Each year, significant quantities of horsemeat are imported into the European Union from Canada and Mexico, primarily for human consumption. Following the closure of all equine slaughterhouses in the United States in 2007, there has been a significant rise in the number of American horses transported to both Canada and Mexico for slaughter, with the subsequent export of horsemeat to the EU, among other destinations. However, horses in the US are not raised for food production and are routinely given substances, such as phenylbutazone, which are banned from use in food-producing animals in the EU. While considered safe in horses, these drugs can potentially have serious adverse affects if ingested by humans(1).
1. Is the Commission aware that a significant proportion of the horsemeat exported from Canada and Mexico derives from horses that originate in the United States and have been bought at auction — without treatment records — by kill buyers?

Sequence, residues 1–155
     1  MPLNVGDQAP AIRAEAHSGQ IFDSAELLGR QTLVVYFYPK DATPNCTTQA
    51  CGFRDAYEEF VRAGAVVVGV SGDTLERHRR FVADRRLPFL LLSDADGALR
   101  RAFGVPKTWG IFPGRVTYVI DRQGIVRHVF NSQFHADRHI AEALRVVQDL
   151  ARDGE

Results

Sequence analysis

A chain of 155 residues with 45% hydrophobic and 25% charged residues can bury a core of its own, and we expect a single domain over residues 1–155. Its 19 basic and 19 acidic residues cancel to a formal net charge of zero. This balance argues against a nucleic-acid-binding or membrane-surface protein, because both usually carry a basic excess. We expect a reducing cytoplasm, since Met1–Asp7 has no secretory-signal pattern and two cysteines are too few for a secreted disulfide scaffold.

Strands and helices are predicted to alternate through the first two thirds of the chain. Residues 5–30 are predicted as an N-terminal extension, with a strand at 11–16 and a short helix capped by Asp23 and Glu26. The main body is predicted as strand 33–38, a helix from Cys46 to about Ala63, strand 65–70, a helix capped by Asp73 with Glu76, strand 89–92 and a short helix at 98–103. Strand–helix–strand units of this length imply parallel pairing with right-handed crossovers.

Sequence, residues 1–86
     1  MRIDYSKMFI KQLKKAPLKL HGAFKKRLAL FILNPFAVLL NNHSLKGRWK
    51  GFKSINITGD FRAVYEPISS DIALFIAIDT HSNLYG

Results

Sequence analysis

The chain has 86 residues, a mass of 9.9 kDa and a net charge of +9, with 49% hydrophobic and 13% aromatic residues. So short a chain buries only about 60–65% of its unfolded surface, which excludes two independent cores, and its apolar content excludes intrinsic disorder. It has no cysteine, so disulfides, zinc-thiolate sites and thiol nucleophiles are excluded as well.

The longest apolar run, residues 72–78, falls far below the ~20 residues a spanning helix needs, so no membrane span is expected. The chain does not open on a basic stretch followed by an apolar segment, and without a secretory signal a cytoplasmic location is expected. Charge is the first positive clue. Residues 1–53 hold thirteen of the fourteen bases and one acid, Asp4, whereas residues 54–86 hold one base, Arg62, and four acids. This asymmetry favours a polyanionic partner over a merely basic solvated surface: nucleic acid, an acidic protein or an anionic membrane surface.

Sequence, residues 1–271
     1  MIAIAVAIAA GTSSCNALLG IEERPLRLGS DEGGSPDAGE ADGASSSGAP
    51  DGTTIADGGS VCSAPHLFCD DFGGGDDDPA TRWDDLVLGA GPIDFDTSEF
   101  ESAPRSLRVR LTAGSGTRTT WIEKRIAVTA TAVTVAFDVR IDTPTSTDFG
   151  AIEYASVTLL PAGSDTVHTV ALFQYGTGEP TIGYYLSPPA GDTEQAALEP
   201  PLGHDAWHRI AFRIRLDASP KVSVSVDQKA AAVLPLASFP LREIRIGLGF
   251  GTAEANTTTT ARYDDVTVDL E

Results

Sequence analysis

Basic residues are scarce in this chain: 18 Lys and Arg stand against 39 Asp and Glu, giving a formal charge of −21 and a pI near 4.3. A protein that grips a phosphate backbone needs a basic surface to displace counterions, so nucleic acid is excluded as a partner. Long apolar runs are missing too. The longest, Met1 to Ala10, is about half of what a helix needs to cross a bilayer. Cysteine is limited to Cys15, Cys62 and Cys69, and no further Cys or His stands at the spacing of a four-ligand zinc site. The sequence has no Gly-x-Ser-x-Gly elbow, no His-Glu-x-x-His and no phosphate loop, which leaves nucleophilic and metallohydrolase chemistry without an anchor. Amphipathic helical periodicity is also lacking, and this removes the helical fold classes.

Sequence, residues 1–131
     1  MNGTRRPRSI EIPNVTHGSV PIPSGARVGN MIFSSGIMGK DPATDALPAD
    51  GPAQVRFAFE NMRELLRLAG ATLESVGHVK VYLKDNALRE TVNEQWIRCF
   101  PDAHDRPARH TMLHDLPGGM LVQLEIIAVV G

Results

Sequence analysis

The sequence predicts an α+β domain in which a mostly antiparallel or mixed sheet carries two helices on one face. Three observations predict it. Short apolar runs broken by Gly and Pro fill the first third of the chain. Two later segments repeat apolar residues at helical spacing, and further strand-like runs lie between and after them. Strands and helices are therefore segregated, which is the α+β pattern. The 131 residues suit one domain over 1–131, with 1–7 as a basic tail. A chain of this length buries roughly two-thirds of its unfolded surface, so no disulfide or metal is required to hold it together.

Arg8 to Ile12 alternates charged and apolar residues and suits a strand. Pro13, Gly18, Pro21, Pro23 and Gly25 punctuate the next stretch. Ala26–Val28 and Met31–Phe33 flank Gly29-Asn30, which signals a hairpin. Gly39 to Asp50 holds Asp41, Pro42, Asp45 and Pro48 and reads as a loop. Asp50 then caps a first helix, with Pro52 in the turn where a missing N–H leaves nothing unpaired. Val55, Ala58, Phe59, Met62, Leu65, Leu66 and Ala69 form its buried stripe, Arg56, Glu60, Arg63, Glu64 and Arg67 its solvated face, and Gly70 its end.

2. In view of this, does the Commission believe that the measures implemented by the competent authorities in Canada and Mexico are sufficient to prevent both fraud by vendors and the export of horsemeat tainted with residues of banned substances? Have Commission staff verified these measures? Does the Commission intend regularly to check these measures to ensure that they are working effectively and as intended?
3. Can the Commission provide precise details of the sampling and scientific testing methods used by the Canadian and Mexican authorities to identify residues of banned substances in horsemeat intended for export to the EU?
4. In addition to exports from Canada and Mexico, significant quantities of horsemeat are also exported to the EU from Argentina, Brazil and Uruguay. Could the Commission provide detailed information on the steps taken by these countries to comply with EU requirements governing the export of horsemeat to the EU?
5. Could the Commission confirm that all third countries seeking to export horsemeat to the EU now require a mandatory lifetime identity/history record — equivalent to the equine passports issued in the EU — for each horse presented for slaughter?